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Longer waiting times for buses amid manpower shortage due to drivers in COVID-19 isolation

Longer waiting times for buses amid manpower shortage due to drivers in COVID-19 isolation

Commuters walking and sitting on benches at Toa Payoh Bus Interchange. (File photo: Try Sutrisno Foo)

SINGAPORE: Longer waiting times are expected for buses as transport operators see reduced manpower due to drivers in COVID-19 isolation. 

"Commuters are advised to factor in longer waiting times for buses when planning their journeys," said the Land Transport and Authority (LTA) and the four public transport operators in a joint media release on Friday (Sep 10). 

"At present, the increase in waiting times for the majority of affected bus services is within five minutes, with a very small number of services seeing increases in waiting times greater than 10 minutes."

To reduce the impact on commuters, more double-deck buses will be deployed where possible for services with "higher loading".

"This includes bus services that serve schools, as we expect increased ridership on these services when students return from their school holidays next week," said LTA and transport operators Go-Ahead, SBS Transit, SMRT Buses and Tower Transit.

Eight bus interchanges are active COVID-9 clusters. The largest cluster, Toa Payoh Bus Interchange, had 190 infections linked to it as of Thursday night. 

Following the clusters of infections, LTA announced tighter measures last week for bus interchanges. These include segregating staff resting areas from dining areas, as well as setting up physical separators at designated smoking areas. 

In the same media statement on Sep 2, LTA said that there had been “no major impact” on bus operations, adding that it was working with public transport operators to develop contingency plans to minimise the impact on commuters should more cases emerge.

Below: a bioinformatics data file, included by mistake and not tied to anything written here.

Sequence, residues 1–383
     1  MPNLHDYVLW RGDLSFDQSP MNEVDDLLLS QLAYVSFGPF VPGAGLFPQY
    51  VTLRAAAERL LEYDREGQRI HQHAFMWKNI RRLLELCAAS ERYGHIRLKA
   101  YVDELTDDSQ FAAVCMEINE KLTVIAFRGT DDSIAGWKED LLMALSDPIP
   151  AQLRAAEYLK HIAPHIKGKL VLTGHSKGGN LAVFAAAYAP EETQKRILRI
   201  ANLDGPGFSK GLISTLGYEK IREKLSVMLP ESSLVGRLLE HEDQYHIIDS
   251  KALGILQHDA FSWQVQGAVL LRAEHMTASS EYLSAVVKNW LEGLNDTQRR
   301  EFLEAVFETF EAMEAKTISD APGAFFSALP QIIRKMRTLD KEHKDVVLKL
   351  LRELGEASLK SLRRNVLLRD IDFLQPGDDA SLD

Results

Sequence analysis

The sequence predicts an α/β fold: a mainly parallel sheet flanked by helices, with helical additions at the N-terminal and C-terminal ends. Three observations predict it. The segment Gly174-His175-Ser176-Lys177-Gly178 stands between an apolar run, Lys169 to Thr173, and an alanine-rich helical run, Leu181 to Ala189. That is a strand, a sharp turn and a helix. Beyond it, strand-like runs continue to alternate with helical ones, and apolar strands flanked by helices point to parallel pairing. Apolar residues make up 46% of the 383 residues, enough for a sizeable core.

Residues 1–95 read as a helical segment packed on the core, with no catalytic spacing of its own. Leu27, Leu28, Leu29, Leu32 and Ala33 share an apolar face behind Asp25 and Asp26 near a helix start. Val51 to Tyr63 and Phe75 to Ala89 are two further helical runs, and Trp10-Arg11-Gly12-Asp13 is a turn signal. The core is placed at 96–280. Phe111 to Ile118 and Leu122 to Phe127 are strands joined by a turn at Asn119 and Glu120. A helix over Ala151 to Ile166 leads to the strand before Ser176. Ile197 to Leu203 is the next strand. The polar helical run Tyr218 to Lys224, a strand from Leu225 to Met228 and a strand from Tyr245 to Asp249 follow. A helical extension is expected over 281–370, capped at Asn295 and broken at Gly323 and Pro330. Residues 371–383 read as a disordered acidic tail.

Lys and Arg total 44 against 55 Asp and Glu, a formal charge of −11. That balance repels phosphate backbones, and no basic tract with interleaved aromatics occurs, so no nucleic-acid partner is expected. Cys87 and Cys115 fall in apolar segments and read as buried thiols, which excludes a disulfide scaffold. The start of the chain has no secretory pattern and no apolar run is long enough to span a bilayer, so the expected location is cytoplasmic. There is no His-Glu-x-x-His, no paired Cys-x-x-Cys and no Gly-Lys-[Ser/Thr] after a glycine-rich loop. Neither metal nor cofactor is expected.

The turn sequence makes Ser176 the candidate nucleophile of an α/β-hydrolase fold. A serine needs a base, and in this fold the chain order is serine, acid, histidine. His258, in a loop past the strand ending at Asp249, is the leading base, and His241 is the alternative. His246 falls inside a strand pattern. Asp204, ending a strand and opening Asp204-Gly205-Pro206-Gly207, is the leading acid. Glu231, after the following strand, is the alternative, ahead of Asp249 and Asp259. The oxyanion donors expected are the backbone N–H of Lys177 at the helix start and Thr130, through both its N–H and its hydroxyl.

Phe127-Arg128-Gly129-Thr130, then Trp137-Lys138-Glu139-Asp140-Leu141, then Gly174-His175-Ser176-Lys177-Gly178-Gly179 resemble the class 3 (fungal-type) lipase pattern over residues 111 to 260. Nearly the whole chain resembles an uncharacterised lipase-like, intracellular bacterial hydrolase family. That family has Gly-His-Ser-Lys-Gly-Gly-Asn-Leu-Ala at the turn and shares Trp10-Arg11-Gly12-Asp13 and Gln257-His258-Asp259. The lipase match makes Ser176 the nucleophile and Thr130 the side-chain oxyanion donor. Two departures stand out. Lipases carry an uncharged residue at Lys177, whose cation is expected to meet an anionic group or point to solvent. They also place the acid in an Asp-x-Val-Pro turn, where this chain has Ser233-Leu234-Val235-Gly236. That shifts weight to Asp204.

Most bus captains have been vaccinated and those infected are asymptomatic or show mild symptoms, said LTA and the transport companies on Friday.

"However, they will still need to observe the medical protocol to be isolated for a full recovery," they noted. 


There has been a "sharp drop" in the number of bus captains available due to the COVID-19 situation, said Mr Melvin Yong, executive secretary of the National Transport Workers’ Union.

As a result, some drivers have had to work overtime and have stepped in to work on their days off, he said in a Facebook post.

"While commuters may experience a longer waiting time for your bus, we hope everyone will continue to support our bus captains who are putting in the extra work and effort to minimise disruptions to commuters’ travels," he added. 

Mr Yong, who is also a Member of Parliament, said that the union has been working closely with LTA and the transport operators to support affected bus captains. These include delivering groceries to those on stay-home notice and helping on-duty bus drivers adjust to constant changes to the duty roster.

Although some bus captains have voluntarily gone back to work during their rest days, such measures "cannot fully make up for the loss in manpower", said LTA and the transport operators.

"Our bus operators have started lengthening headways for some services to ensure that our bus captains have enough rest time," they said.

Apologising for any inconvenience to commuters, they added: "LTA and the PTOs (public transport operators) will monitor the situation closely and make further adjustments as the situation evolves, including when more bus captains return to work."

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Source: CNA/ng(gs)


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